I believe that we are witnessing a dynamics of self-affirmation at the local level. It is important to ask ourselves whether we understand municipalism, and local political action, as a path to scaling up the challenge to the higher level, or not. Or whether we understand it as a rupture with the structures which generate pressure from above – that is, from the national level. I do not have an answer for this, but it does seem to me that regardless of what the answer may be, we now have the ability to act locally. Taking part in national or state elections is much harder, much more expensive. It is more difficult to connect with people. Things become less tangible.
Despite the obvious limitations of local power, I think it is strategic to start with the cities and find out if and how the politics there connect with the national level. At the same time, it seems to me that the challenge is that, although we are active at the city level, there is always an upwards trend which tends to place political debate higher, at the state and federal level. So, one of the challenges we are facing when building candidacies such as the Activist Bench is combining a very real connection with the territory with a very large call to the country as a whole.
The political situation in Brazil demands that we all feel concerned and be ready to take action – to see what we can do. However, this seems a bit of a trap to me, because I do not think that we have the capacity, as a collective, to really have an impact on Brazilian politics at the national level. In São Paulo municipal politics, yes we do; but in Brazilian national politics, I do not think so, and in São Paulo state politics, I do not think so either. We do not have the muscle for that yet. But, at the same time, we cannot remain oblivious to what is happening in our country. There are elections next year, and everyone, individually, feels called to do something about it, to strengthen something, to get more people on board.
I believe that there is a conflict here, which has to do with the limitations of local power. I also do not know how to solve it and we have not responded to it at the Activist Bench. But it does seem very strategic to me to be working in the territory, because peoples’ trust has to be rescued. There is a broader debate, even at the international level, about the discourse and narrative of anti-politics, which is gaining ground. We can see it when the mayor of São Paulo, or Donald Trump, say: “I am not a politician.”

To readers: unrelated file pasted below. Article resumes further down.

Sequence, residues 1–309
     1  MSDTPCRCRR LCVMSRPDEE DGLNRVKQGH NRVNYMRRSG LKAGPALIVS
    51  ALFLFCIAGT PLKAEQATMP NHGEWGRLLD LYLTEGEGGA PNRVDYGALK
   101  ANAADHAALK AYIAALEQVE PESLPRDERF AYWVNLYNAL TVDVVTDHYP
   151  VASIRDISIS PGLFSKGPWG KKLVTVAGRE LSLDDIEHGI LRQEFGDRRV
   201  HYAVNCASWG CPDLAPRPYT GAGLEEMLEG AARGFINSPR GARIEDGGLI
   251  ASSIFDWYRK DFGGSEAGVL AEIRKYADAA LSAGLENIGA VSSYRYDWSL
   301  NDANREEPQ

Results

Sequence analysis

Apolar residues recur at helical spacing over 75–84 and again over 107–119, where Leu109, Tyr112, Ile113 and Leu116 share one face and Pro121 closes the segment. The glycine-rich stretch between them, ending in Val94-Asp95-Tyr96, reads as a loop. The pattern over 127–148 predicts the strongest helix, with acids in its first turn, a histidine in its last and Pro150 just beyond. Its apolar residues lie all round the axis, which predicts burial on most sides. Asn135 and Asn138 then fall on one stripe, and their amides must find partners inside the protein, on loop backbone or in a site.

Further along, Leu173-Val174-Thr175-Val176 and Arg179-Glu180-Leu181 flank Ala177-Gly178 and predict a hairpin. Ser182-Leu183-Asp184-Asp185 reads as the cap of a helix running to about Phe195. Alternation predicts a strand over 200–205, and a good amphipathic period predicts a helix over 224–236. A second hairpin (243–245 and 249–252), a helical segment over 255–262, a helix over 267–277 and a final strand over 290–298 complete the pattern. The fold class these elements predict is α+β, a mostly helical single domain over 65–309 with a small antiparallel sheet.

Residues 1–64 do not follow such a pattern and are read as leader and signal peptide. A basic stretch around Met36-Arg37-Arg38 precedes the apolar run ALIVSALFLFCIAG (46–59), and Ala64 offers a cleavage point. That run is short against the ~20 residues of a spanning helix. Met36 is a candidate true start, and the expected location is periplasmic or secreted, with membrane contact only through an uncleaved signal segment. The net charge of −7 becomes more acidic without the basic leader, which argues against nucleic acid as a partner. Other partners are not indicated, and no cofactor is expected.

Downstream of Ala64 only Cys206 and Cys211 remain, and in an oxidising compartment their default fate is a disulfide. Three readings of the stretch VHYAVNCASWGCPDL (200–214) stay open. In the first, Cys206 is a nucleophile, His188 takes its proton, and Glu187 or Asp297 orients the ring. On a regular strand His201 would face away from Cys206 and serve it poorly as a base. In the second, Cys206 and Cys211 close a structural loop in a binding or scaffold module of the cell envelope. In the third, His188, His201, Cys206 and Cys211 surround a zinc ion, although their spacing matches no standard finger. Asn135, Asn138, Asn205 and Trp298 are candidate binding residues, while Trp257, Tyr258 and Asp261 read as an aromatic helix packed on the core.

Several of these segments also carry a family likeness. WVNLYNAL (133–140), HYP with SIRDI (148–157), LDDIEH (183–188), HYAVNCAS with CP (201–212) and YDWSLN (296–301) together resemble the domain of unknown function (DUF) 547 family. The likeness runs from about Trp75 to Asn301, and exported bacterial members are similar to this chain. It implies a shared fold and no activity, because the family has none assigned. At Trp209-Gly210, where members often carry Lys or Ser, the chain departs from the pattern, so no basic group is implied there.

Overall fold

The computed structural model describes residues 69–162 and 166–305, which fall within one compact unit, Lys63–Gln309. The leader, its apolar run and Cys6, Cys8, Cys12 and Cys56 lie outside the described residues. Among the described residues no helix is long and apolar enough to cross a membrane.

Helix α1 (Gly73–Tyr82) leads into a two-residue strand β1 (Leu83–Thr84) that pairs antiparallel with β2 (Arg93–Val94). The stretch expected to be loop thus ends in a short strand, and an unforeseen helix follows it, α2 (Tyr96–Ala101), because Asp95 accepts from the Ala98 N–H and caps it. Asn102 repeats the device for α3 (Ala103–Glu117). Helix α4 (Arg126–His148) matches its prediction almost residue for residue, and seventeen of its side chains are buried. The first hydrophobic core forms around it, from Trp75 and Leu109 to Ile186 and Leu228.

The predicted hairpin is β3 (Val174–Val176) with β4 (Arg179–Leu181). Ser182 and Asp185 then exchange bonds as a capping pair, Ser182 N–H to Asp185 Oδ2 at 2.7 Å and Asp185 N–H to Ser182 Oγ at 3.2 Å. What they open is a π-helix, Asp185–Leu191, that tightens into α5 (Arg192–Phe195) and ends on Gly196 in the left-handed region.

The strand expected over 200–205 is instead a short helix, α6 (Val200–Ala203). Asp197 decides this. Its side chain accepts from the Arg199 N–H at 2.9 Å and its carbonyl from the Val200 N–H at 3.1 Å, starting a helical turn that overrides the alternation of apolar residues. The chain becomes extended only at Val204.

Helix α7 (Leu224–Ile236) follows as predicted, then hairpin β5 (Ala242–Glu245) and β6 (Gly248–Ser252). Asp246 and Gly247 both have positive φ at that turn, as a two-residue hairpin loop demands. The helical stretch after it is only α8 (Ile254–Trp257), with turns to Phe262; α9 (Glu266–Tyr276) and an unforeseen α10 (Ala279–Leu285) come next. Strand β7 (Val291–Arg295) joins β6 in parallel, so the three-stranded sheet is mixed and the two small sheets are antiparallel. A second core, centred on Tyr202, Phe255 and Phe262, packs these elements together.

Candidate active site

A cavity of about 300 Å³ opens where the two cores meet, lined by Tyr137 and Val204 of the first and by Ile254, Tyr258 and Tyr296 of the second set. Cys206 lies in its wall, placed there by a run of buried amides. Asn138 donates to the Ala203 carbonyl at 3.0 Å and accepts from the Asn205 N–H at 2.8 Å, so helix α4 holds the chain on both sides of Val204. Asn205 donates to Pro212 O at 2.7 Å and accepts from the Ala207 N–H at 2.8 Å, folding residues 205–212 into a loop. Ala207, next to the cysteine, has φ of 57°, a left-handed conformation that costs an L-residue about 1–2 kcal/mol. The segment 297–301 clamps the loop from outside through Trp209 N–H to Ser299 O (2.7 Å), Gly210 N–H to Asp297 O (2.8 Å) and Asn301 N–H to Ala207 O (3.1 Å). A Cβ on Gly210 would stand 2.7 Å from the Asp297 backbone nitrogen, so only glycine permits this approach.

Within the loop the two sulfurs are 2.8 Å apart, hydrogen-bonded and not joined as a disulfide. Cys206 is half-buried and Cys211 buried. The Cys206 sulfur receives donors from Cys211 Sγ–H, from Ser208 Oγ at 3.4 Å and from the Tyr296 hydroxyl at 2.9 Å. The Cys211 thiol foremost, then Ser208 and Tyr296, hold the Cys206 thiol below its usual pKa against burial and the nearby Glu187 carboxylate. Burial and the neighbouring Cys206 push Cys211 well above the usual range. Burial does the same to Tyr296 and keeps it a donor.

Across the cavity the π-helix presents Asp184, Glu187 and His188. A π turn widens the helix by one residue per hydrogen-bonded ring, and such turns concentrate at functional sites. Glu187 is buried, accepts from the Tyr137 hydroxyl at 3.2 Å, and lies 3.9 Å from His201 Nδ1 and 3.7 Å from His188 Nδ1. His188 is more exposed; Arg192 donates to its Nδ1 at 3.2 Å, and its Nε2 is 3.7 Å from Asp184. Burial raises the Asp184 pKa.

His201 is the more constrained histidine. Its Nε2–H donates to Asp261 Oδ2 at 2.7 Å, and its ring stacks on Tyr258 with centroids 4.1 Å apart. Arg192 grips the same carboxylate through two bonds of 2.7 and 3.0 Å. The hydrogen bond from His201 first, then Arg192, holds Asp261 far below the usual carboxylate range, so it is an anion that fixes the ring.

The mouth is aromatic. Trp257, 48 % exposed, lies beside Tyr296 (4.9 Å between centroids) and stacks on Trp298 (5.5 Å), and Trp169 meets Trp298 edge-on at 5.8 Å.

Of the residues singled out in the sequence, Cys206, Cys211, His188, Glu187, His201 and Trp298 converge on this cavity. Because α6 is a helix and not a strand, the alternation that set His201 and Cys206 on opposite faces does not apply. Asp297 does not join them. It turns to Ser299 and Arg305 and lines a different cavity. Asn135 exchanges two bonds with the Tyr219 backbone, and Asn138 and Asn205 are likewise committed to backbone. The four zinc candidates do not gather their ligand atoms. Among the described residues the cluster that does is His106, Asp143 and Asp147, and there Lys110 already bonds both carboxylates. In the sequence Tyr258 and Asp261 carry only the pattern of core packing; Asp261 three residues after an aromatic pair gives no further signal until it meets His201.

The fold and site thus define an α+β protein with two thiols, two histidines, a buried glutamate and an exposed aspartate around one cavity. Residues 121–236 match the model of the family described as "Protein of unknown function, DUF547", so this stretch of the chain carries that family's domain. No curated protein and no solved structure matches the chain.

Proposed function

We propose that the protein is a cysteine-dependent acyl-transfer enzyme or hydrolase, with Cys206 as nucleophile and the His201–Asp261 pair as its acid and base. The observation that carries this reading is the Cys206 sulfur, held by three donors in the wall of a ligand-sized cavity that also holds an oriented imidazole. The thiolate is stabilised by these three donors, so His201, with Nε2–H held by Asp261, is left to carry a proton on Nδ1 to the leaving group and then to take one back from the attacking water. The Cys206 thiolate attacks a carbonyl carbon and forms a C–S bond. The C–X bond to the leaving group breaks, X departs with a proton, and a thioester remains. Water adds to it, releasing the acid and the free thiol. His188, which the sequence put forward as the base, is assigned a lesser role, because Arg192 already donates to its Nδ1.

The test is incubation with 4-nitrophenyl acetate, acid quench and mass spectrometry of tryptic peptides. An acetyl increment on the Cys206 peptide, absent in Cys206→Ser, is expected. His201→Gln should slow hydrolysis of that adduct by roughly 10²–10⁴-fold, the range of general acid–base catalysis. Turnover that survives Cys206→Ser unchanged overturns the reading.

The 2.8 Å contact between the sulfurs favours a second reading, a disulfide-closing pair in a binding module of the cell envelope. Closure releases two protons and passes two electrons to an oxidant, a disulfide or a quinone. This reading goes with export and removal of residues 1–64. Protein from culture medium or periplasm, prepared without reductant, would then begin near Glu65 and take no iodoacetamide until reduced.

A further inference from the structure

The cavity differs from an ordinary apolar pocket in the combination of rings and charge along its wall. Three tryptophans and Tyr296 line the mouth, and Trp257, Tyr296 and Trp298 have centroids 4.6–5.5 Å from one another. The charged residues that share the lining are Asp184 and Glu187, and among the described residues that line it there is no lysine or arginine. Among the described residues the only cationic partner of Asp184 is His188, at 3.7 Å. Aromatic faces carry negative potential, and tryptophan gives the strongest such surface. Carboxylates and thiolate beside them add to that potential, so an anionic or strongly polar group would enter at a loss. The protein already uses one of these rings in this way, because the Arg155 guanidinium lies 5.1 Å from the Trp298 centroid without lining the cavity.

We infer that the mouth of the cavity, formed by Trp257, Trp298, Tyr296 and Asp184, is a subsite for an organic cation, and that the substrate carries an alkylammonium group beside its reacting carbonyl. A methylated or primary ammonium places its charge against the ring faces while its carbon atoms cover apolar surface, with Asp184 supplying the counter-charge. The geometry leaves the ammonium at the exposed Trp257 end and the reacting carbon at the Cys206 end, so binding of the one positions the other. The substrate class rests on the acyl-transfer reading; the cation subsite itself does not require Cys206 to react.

IMPACT OF INTERNATIONAL POLITICAL CONTEXT
In general terms, what we are experiencing is a crisis of confidence in the established power in the world. This crisis is singularly apparent in politics, but not only. That is, there is a rejection of the political establishment, the economic establishment, the cultural establishment, the criminal establishment. In all, they consist of a few people, but they have been in power for 40 years and, in the face of a crisis in the repertoire of political solutions, people are increasingly outraged.
That establishment cannot connect with this indignation. They are in a very arrogant position, saying: “No, we are fine; everything is quiet here; we are going to stay where we are; we do not have to make improvements”. Then Trump came with another discourse – he said: “No, your outrage is real”, which made him connect with and catalyze the protest vote. When the establishment, which sits in positions of power, fails to connect with the feelings of the people, this creates a power vacuum which can fill fast. The discourse that currently occupies most of that space goes along Trump’s line – the “I am not a politician, we have to clean the swamp” sort of discourse. And what that discourse does is criminalise politics.
I think that what we are witnessing when we talk about the political innovation ecosystem (we are seeing it in Spain, in Latin America and in several other places) is another dynamics, a dynamics that tries to rescue politics. During the high school students’ protests in São Paulo, there was a post circulating a lot that said: “Kevin is a bum, his mother says he is a bad student, his teacher says he is a bad student, his tutor says he is a bad student, but in the occupied schools, Kevin is the first to wake up, he teaches yoga, cleans the bathrooms, and is the last one to go to sleep. Kevin is one of the best students this school has ever had”. Therefore, the problem is not that Kevin does not like school; Kevin does not like this school. I think it is a similar thing with politics. It is not that we do not like politics, we do not like this kind of politics. So, we need to reinvent it, we need to rescue values, and come up with things we are capable of providing.